After nearly a decade of practicing law, I embarked on a journey to become a writer, causing a 180-degree shift in my life. I had to juggle being a mom to two little humans and a canine, a wife, a lawyer, a daughter, a friend, and now, a writer.
Having no clone to delegate to and not being an octopus myself, something had to give. I’m good at multi-tasking, but I’m no superhero. And, I don’t have a nanny. My husband and my body were telling me to slow down. So, I sat down and looked at the sobering reality of my existence:
1. I’m a wife. That will never change, unless I kicked my hubby to the curb, and he’s not going anywhere.
2. My kids are the loves of my life and I want them to have both a happy mom and childhood. And, I want to enjoy motherhood.
3. If I didn’t write, I would fail to nourish my soul.
4. Practicing law is my vocation, one that I’m good at and helps pay the bills.
These were my non-negotiables. However, something had to give–and that was our dog.
Our family’s problems with the dog began to surface almost four years ago when I was pregnant with our first child. Our dog developed a strong aversion to me–or rather, my pregnancy hormones–and kept away from me during the entire pregnancy. No matter what I did to engage him, shower him with love and attention, and draw him near, he kept himself at bay. Then, my pregnancy took a turn for the precarious at the same time he got very sick with a bacterial infection, so I literally had to stay away from him in order to protect myself and the growing baby inside of me. It broke my heart.
Once the baby was born, my husband and I did our best to integrate our child into the dog’s life. We brought him a hospital blanket with her scent on it, and then brought him out of the house for them to meet in the front yard. While he never bit her or hurt her, he never warmed to our daughter in spite of our best efforts. Sadly, post-partum, our dog also never warmed to me again. My husband became his sole provider, taking on all dog-related care duties, which shifted an additional burden onto his shoulders.
Soon, apart from two brief walks he took with my husband each day, the dog stopped interacting with us. He hid under a table, a chair, a bed–he was depressed. As time wore on, what little time and energy we had left at the end of our long workdays was spent with our new baby.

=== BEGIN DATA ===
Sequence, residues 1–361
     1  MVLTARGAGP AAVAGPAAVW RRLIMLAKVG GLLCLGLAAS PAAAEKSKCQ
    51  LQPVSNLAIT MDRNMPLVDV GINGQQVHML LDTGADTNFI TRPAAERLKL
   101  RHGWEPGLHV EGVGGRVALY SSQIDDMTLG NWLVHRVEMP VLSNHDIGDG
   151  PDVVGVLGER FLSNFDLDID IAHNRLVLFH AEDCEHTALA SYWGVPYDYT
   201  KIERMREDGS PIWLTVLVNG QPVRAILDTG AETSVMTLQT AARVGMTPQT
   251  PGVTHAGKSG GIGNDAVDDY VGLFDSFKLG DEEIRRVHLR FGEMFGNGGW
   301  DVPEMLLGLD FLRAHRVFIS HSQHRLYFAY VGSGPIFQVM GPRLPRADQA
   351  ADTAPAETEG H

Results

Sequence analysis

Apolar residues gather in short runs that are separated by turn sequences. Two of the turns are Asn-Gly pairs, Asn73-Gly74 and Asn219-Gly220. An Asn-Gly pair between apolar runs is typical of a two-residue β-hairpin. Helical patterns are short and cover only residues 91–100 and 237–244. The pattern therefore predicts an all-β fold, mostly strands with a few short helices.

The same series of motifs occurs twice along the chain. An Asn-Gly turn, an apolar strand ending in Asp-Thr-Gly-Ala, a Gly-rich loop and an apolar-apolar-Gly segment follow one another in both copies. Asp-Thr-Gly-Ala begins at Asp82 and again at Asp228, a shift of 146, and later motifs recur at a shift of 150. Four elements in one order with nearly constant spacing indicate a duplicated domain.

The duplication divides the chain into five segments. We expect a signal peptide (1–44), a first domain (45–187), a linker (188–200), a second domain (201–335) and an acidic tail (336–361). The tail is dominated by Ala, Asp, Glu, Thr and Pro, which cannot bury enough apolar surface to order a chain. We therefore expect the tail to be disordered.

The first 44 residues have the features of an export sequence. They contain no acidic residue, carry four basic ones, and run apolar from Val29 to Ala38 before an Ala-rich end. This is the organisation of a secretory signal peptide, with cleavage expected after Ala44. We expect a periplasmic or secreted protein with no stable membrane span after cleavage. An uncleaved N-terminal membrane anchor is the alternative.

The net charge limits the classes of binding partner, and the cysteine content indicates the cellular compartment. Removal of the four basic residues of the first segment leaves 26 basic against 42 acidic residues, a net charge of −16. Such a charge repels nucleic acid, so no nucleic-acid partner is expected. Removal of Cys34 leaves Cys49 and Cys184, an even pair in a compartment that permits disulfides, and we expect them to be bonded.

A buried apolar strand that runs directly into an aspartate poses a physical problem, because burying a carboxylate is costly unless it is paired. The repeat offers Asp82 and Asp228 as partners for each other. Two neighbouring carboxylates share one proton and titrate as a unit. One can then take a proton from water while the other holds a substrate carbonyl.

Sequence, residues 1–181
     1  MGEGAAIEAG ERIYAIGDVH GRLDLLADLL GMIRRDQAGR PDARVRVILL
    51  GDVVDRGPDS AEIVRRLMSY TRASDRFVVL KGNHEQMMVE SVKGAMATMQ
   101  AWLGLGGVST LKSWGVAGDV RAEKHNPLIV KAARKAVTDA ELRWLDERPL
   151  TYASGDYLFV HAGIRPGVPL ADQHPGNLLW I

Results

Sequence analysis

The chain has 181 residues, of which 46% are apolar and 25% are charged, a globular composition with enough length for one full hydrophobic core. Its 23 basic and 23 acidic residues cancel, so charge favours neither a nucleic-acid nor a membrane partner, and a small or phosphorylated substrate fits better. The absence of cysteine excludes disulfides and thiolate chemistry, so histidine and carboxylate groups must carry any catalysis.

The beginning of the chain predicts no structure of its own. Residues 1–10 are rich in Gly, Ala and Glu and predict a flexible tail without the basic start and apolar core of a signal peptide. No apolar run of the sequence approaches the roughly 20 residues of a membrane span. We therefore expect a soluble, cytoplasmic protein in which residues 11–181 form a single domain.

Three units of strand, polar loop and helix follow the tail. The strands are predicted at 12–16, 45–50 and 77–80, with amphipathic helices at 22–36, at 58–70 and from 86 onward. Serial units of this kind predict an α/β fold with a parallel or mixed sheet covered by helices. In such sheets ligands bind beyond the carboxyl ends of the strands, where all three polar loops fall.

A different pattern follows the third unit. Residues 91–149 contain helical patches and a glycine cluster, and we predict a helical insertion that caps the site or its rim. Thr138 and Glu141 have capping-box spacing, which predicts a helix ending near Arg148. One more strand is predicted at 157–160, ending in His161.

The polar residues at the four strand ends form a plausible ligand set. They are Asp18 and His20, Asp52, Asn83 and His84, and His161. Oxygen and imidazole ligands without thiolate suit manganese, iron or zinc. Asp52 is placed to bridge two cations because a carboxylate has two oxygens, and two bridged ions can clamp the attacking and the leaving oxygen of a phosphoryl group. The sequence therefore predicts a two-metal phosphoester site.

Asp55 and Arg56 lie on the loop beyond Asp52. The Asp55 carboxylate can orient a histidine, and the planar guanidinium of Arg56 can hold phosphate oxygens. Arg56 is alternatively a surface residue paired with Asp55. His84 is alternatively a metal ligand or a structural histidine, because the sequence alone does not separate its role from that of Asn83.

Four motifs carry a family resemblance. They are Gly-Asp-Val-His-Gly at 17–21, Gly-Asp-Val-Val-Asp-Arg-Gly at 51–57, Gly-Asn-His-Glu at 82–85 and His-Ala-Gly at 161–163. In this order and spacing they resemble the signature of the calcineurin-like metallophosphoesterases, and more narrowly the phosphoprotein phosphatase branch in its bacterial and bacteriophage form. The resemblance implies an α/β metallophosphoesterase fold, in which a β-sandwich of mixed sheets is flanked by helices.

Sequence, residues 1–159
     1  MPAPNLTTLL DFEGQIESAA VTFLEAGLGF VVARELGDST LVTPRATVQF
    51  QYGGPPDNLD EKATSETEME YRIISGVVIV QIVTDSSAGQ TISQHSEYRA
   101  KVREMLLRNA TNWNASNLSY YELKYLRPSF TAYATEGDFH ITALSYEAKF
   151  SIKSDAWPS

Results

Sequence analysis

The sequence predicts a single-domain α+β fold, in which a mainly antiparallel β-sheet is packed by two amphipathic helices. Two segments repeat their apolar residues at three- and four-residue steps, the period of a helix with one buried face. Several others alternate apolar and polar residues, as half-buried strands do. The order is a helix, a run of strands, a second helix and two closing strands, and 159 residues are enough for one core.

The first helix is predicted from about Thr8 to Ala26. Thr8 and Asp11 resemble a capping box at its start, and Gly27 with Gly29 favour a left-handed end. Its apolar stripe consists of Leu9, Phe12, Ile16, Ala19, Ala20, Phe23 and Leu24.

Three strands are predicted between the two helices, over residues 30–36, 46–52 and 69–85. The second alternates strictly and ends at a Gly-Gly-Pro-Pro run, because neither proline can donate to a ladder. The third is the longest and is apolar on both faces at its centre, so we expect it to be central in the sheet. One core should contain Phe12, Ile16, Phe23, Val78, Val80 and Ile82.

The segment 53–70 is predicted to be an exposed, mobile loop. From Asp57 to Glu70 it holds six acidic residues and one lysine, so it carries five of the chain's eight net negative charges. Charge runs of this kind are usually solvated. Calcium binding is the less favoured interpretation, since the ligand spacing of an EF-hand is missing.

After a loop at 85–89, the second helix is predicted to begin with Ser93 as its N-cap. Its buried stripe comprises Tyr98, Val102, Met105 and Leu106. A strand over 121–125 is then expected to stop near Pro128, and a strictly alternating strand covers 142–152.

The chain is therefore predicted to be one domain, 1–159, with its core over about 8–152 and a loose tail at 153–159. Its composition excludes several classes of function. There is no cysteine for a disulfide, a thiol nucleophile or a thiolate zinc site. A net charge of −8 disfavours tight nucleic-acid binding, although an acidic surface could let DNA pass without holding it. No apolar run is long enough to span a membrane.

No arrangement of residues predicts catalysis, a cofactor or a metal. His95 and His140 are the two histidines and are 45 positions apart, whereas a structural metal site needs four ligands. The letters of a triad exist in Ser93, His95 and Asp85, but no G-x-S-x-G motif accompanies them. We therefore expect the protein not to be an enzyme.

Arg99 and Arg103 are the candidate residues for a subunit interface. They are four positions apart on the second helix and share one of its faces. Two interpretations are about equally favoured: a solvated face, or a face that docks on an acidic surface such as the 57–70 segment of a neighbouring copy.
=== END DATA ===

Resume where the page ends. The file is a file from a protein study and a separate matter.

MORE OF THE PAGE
Then came our second child, along with my second career. The dog still got fed and let out to relieve himself, but his existence had been reduced to a shadow in our lives. To boot, our now 11-month-old baby developed asthma after a grave battle with pneumonia at 3.5 months old, and was put on puffers to help him breath. Although he was hypoallergenic, the environment our dog brought into our house was not.
With two babes, our dog’s morning walk was eliminated. Instead, we let him out in the yard by himself, feeling good about the fenced-in freedom we gave him, satisfied that at least he was getting exercise. We watched him frolicking around, having fun darting in and out of the bushes, until one day, he darted out and didn’t dart back in.
We didn’t understand where he went since our yard was fully fenced-in. Eventually we realized that he navigated his way through a dangerous, thorny bush/rocks/sharp branches-filled narrow gap between our house and the fence. We couldn’t believe he’d go out that way without risking a major injury. Yet he did, unscathed. Each time, our dog came home care of a passerby, a neighbor, and even a driver, who spotted him running and stopped his car to grab him.
In spite of our keeping a close eye on him, he did this again several times. This was beyond nerve-racking for us. We were horribly worried for both his mental health and physical security. After the fifth time he ran away, we realized that he was as unhappy as we were. Reluctantly, my husband and I agreed that finding him a new home made the most sense, and doing so quickly before his departure could leave a hole in our toddler’s heart would be best. We put up an advertisement, found a great family, and sent him on a weeklong “vacation” to his potential newfound adoptive parents’ home.
The week was bliss for both him and our family. We felt relieved. There was no more warden-like oversight of him in the yard. No more resentment over walking him when I needed my husband’s help with the kids. No more frustration over the house being a mess within moments of it being cleaned because he tracked in grass, mud, and other dirt. No more feeling guilty for not having the time and energy to spend with him. Our baby didn’t notice anything being amiss, and our toddler didn’t seem to mind the dog being gone.
In the end, our dog was the primary beneficiary of the experience. He got so much love and attention from the couple that have since adopted him that he didn’t want to come home to us. In fact, on the day that he was picked up by them for the final move, he pulled them to their car. He was ready to leave us.
As emotionally hard as it was for my husband and I, finding our pup a new family was the most selfless thing we could do. We were very loving and doting animal parents for seven and a half years. No one could doubt the sincerity of our love for him. He is now a very happy canine living with a new family who shower him with the love and affection he deserves.